Ironically, MRAsians glorify Asian male/white female relationships. Actor Steven Yeun, known for playing Glenn from “The Walking Dead,” was valorized as an inspirational sex symbol and considered “The Great Asian Hope” by some male Asian fans for his character’s relationship with a white woman. (The self-aware Yeun was confused by the praise, telling The New York Times, “It’s just so paper-thin — you’re asking Asian men to be validated by whiteness, and you’re basically saying that I can only feel like a man if I’m with a white woman, which is just a terrible thing to think.”)
The backlash to Suni Lee’s relationship also highlights a high level of anti-Blackness among MRAsians — as well as in other corners of the Asian community. MRAsian posts on Reddit have questioned whether the Black Lives Matters movement shifts the focus away from anti-Asian hate and inaccurately claimed that most perpetrators of Asian hate crimes are Black (studies indicate that three-quarters of attackers in recent anti-Asian hate crimes have been white.)
The backlash to Sunni Lee’s relationship also highlights a high level of anti-Blackness among MRAsians — as well as in other corners of the Asian community.
We never want to give incel or misogynist groups more clout than they deserve. And, of course, MRAsians are only a small subculture within the Asian community (even though MRAsians will likely claim “any attack on them is an attack on all Asian men”). And yet, I think it’s necessary to share how dangerous these views can be, and the hatred they represent. MRAsians are speaking out across many different online platforms now, presenting their toxic viewpoints on YouTube, in podcasts, and on TikTok, giving them a place in mainstream culture.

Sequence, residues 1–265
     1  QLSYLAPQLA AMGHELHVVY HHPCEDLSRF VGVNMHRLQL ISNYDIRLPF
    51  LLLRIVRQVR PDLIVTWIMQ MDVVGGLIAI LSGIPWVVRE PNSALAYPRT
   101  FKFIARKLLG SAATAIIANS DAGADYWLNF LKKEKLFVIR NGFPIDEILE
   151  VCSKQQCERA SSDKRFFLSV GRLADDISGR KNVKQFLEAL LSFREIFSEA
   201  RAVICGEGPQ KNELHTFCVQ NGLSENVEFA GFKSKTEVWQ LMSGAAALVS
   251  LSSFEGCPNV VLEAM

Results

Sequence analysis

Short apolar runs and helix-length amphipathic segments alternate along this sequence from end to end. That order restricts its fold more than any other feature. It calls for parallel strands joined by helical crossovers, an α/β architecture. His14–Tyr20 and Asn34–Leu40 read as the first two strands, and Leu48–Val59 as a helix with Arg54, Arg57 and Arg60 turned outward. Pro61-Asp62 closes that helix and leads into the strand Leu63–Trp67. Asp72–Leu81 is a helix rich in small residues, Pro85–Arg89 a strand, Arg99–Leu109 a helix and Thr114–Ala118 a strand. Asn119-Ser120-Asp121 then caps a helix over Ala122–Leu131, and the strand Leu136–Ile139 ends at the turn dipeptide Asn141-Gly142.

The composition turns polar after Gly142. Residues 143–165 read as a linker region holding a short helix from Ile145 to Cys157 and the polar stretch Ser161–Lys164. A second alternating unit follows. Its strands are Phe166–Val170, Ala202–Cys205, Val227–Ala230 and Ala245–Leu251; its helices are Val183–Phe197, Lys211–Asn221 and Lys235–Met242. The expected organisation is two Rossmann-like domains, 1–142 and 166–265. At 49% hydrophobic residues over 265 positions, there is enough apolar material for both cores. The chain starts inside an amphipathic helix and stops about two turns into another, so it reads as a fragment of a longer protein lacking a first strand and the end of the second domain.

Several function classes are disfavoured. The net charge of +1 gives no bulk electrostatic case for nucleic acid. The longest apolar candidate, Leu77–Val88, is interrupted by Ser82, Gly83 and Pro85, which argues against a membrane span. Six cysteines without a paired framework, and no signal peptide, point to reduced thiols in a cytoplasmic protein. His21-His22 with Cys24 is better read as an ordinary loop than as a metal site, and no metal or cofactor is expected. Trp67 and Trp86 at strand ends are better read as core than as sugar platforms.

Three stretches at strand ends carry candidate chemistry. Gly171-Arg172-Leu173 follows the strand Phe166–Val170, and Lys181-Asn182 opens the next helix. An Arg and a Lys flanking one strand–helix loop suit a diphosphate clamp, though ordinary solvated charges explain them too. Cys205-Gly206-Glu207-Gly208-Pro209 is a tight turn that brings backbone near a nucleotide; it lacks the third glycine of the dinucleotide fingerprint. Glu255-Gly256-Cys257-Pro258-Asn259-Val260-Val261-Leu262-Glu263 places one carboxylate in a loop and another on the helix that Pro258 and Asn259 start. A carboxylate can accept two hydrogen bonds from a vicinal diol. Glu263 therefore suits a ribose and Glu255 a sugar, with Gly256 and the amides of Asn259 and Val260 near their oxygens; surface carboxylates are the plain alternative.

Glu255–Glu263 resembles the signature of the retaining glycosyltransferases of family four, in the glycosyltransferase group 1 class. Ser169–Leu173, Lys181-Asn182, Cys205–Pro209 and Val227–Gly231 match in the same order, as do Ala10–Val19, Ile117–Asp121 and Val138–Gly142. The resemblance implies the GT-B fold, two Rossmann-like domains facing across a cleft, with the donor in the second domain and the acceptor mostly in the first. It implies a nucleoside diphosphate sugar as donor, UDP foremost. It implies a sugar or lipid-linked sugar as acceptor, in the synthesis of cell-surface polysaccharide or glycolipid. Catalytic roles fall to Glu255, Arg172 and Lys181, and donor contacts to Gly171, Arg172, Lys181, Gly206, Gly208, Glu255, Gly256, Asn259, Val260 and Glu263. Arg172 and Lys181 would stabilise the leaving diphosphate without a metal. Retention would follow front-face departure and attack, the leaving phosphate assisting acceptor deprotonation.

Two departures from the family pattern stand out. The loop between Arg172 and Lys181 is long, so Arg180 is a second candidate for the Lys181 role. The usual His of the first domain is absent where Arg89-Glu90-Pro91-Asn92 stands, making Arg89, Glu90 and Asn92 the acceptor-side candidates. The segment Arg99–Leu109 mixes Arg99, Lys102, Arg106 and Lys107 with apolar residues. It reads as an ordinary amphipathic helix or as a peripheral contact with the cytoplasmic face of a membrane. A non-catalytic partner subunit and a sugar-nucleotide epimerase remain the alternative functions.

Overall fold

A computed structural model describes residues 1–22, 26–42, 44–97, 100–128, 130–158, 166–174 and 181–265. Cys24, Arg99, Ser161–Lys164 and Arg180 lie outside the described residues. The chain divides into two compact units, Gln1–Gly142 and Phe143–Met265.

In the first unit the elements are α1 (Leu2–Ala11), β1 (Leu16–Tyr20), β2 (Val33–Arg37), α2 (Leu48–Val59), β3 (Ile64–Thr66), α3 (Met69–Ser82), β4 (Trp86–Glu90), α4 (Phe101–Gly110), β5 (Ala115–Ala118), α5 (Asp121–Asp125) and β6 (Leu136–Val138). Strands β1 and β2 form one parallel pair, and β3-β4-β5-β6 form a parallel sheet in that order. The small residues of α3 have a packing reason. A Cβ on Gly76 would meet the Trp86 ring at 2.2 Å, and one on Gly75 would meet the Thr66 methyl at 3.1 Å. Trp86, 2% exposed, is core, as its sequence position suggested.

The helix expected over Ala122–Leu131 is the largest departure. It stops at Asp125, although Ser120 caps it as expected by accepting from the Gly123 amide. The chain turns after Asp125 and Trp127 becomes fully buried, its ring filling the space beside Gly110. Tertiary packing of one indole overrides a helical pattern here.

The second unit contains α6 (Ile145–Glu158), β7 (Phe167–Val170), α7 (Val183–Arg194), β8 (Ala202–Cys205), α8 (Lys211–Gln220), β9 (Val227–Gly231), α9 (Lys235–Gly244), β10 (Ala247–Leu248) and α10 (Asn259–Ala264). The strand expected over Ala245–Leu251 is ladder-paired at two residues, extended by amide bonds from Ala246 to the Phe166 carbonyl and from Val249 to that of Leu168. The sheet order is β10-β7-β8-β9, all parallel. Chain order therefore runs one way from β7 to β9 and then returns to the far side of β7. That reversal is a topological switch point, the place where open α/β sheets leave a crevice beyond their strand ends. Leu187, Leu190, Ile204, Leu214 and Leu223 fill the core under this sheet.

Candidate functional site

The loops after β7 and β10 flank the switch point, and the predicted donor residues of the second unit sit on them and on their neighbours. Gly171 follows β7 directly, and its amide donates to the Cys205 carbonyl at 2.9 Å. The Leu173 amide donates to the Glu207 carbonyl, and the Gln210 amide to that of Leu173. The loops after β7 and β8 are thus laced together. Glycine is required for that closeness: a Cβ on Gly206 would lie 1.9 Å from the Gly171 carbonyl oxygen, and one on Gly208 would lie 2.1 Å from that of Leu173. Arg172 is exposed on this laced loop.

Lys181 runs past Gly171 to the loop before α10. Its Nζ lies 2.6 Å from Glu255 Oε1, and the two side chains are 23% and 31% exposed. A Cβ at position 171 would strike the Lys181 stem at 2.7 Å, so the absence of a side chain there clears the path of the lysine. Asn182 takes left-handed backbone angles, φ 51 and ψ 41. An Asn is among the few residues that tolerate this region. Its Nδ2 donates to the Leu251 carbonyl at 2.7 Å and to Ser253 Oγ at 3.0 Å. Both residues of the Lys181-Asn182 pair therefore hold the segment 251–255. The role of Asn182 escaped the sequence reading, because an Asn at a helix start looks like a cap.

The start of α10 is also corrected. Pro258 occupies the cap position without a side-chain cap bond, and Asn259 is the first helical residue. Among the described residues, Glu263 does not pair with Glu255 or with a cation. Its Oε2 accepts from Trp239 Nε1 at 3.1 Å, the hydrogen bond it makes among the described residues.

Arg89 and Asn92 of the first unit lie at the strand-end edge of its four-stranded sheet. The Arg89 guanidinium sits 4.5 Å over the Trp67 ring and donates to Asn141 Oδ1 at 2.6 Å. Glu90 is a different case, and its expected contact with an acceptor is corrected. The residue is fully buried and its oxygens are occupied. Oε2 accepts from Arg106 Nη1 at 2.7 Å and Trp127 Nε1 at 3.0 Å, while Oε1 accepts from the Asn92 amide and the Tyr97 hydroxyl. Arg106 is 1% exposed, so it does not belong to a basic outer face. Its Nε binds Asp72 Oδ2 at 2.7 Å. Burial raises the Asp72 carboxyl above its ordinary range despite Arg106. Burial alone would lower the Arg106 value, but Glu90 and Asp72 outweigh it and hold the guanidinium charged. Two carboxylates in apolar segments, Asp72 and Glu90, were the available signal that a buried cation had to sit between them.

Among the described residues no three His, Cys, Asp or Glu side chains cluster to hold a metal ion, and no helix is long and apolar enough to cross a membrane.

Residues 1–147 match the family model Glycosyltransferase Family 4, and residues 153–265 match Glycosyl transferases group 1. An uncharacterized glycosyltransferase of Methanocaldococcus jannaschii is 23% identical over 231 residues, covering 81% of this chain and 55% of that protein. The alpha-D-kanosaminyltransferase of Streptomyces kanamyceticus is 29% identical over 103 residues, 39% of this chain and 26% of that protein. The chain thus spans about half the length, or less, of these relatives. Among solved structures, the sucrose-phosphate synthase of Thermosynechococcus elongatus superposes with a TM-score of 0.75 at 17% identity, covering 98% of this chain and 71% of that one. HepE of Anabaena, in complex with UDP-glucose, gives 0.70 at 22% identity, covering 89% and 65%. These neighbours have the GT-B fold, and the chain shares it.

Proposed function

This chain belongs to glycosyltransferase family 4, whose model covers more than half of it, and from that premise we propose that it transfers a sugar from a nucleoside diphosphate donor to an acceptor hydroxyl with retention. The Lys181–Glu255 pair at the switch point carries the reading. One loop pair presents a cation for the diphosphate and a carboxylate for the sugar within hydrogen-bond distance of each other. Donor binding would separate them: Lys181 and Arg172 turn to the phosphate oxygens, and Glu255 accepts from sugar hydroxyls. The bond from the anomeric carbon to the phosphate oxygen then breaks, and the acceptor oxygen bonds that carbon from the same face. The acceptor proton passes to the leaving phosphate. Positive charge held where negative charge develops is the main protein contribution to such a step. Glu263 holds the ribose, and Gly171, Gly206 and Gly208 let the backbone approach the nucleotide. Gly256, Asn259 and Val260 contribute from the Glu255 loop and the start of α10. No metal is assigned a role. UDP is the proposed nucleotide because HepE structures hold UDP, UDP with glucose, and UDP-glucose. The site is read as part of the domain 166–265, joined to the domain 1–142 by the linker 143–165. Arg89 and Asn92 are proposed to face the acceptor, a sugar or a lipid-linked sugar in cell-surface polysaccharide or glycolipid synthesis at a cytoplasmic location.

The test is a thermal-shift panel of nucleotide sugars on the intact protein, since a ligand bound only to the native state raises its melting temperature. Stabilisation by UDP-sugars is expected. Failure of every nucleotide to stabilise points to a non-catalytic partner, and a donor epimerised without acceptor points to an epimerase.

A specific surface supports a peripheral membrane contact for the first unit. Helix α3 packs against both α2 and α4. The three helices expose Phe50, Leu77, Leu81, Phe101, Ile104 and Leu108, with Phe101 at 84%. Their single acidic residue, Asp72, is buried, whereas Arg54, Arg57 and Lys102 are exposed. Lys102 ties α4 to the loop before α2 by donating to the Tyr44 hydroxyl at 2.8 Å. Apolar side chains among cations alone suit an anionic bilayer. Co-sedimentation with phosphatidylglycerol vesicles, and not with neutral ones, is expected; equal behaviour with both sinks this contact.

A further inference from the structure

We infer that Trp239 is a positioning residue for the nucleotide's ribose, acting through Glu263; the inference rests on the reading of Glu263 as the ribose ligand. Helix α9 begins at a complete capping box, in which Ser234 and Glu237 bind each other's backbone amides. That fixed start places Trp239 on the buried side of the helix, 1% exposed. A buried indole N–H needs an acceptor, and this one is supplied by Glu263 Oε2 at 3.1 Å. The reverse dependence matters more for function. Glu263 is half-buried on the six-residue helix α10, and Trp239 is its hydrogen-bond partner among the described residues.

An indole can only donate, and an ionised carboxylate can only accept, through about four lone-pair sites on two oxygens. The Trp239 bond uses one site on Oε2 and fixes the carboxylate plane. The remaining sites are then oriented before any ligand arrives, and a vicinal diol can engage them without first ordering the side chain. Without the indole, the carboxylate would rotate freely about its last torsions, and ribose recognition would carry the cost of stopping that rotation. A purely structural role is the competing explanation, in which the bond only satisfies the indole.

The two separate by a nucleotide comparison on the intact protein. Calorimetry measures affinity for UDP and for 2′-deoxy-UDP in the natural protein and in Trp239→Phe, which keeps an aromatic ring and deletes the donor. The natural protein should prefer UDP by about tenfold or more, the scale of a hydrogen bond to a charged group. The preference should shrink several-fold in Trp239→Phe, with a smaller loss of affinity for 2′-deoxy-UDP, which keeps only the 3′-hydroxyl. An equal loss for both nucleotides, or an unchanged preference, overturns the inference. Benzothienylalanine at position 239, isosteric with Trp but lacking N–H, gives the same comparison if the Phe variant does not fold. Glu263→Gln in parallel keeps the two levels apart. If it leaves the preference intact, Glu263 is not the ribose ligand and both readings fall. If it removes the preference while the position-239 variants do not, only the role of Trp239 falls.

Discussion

Social media is a great thing, but it can easily be weaponized. I know I’ll likely be hounded by faceless social media avatars for this piece; there will be assumptions made about my dating history and supposed love for white men, even though I’ve been with my Asian partner for more than a decade. I clearly have no issue with Asian men.
What I do have an issue with are men who feel ownership over women (or nonbinary persons), and the harassment these women suffer on social media because of it. According to Slate’s profile on MRAsians, the official r/aznidentity guidebook previously provided users tips for anonymous harassment on Twitter — before editing their rules three months ago to sound more inclusive. I’d like to believe that group has changed. I guess we’ll find out.
Like most men’s rights advocates, MRAsians also see Asian feminism as the vilification of Asian men. Not only do MRAsians attack Asian women dating outside of their race, they also oppose feminists who advocate for equal pay, reproductive rights, LGBTQ+ rights, and sex worker rights. MRAsians have threatened Asian feminists, causing a chilling effect. According to a Johns Hopkins University study on the problem, this effect enables the “political erasure of Asian American women through the normalization of online gendered violence.” In the long term, this hurts the advancement of Asian feminism and women in general.
Ultimately, there remains no clear solution for the friction between MRAsians and the Asian women. There will always be men who believe they’re the true victims, even as they openly harass and threaten us. We can only continue to call out MRAsians behavior and not allow these types of actions to be normalized in society.